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Iwan

Kayak Dilemma

33 posts in this topic

Hey Guys.

 

I am interested in buying my first kayak. I am 5ft 11in tall and weigh 185 lbs. I intend to use the kayak initially in the bays on Long Island and then progress to surf launches and ocean fishing. I would also like to use the kayak for the occasional pond or lake fishing excursion. I will be almost exclusively fly fishing but I may sometimes cast plugs.

 

I have done a little background research on this site and read a lot of reviews. This weekend I tried paddling both an OK Drifter and OK Prowler 15. I found the Prowler more comfortable and easier to paddle although the Drifter was much easier to turn and maneuver in my hands.

 

I am serioulsly considering putting the money down and going for an OK Prowler 13. Will this kayak suit me in terms of my body size and fishing needs. I have also been advised to try out the WS T140 and 160i so now I am getting confused.

 

All advise is appreciated and thanks in advance.

 

Iwan.

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I have the OK Prowler 13 and it's great, all my friend own the same and it's fine kayak. Other guys I fish with have the WS Tarpon 14 another good choice. As a matter of fact this question will never get you a good answer. You have do your own research, try them out if possible because everyone has an opinion, or story or this is bad because and this is good because. You have some good kayaks to choose from give them a try out then make up your mind. And there is another web site that could it has all types of kayak fishing stuff to buy and learn about.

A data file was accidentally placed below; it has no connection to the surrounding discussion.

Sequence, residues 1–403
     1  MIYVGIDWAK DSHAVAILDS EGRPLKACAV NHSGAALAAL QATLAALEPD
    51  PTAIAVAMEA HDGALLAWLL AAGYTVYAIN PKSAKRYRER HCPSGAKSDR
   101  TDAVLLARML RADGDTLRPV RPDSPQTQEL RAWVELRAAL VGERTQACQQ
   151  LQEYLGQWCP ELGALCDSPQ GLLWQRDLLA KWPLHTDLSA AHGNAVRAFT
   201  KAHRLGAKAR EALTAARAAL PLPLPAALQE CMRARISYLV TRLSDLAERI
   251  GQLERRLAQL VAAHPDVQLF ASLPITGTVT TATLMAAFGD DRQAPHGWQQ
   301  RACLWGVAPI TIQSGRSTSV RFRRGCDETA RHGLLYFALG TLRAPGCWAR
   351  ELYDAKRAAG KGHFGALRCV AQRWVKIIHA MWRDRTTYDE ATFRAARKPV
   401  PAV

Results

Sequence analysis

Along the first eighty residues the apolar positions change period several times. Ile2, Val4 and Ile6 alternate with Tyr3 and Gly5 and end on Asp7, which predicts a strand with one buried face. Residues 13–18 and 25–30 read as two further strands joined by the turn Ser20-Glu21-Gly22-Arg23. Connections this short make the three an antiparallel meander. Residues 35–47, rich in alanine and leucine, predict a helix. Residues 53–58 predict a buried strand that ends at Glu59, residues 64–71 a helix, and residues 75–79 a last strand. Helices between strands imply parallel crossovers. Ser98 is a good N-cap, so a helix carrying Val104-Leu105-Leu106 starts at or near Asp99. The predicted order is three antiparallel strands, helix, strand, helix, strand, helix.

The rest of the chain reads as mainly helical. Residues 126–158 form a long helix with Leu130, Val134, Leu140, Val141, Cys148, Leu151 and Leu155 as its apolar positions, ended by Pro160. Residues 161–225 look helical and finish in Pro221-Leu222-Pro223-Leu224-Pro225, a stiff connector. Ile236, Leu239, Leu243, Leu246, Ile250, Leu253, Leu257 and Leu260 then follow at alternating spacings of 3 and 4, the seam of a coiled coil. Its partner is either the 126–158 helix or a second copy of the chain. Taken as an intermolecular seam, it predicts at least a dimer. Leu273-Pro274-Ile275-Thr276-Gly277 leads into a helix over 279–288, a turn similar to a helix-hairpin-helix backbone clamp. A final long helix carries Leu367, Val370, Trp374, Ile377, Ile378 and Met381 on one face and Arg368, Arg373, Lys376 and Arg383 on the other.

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Iwan, The Prowler 13 is probably more manueverable than the 15 just because it is shorter. I understand you give up some speed when you go to the shorter boat. If getting to action quickly is important you might want the longer boat. I have the P15 angler for that reason. The SOTs are also stable in the surf if you want to do ocean fishing.

 

I believe there is no horribly wrong decision when buying a yak to flyfish from. Trying a bunch of different boats does not make you an expert, just a confused and beached fisherman. You'll gain experience out there on the water.

 

just MHO. Christine

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Just my two cents, but don't forget about the Hobie Outback. The Mirage Drive is amazing. I got one just this year and every other Kayaker out there pulls up next to me and can't believe that I can move around hands free. When trolling I can have both hands on the rod and reel almost all the time. I can play the fish from hit to hull, not to mention while fighting the fish I am able to still power and steer the yak as needed. It is 12'6", if you needed there is tandem that is bigger although from all the comparison charts I found the outback only lacks in below deck storage and tracking, which is not a problem as a rudder is standard. Also any long trips allow made in the outback allow one the option to switch between propulsion methods. Again just my .02

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I have an hobie outback and love it. I won't fish out of any other kayak the rest of my life. The kayak gives you total control hands free. The only way I'll fish out of my boat if I take my daughter and she ready to get her hobie soon.

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The infection spreads. We sold 11 outbacks just this past week. Smart fisherman are doing their research and making the outback their first yak. If you need a paddle then you have an antique.

Barrell

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If you are only using your yak for fishing go with the outback or T140 angler. If you actually want to do some dayrtrips and paddle in a somewhat fast boat go with the T160i. I fish out of the T160i and take longer trips and there are not many boats I cant keep up with. If you get a 140 or outback and take it out in the ocean with other paddlers you will most likely burn out trying to keep up.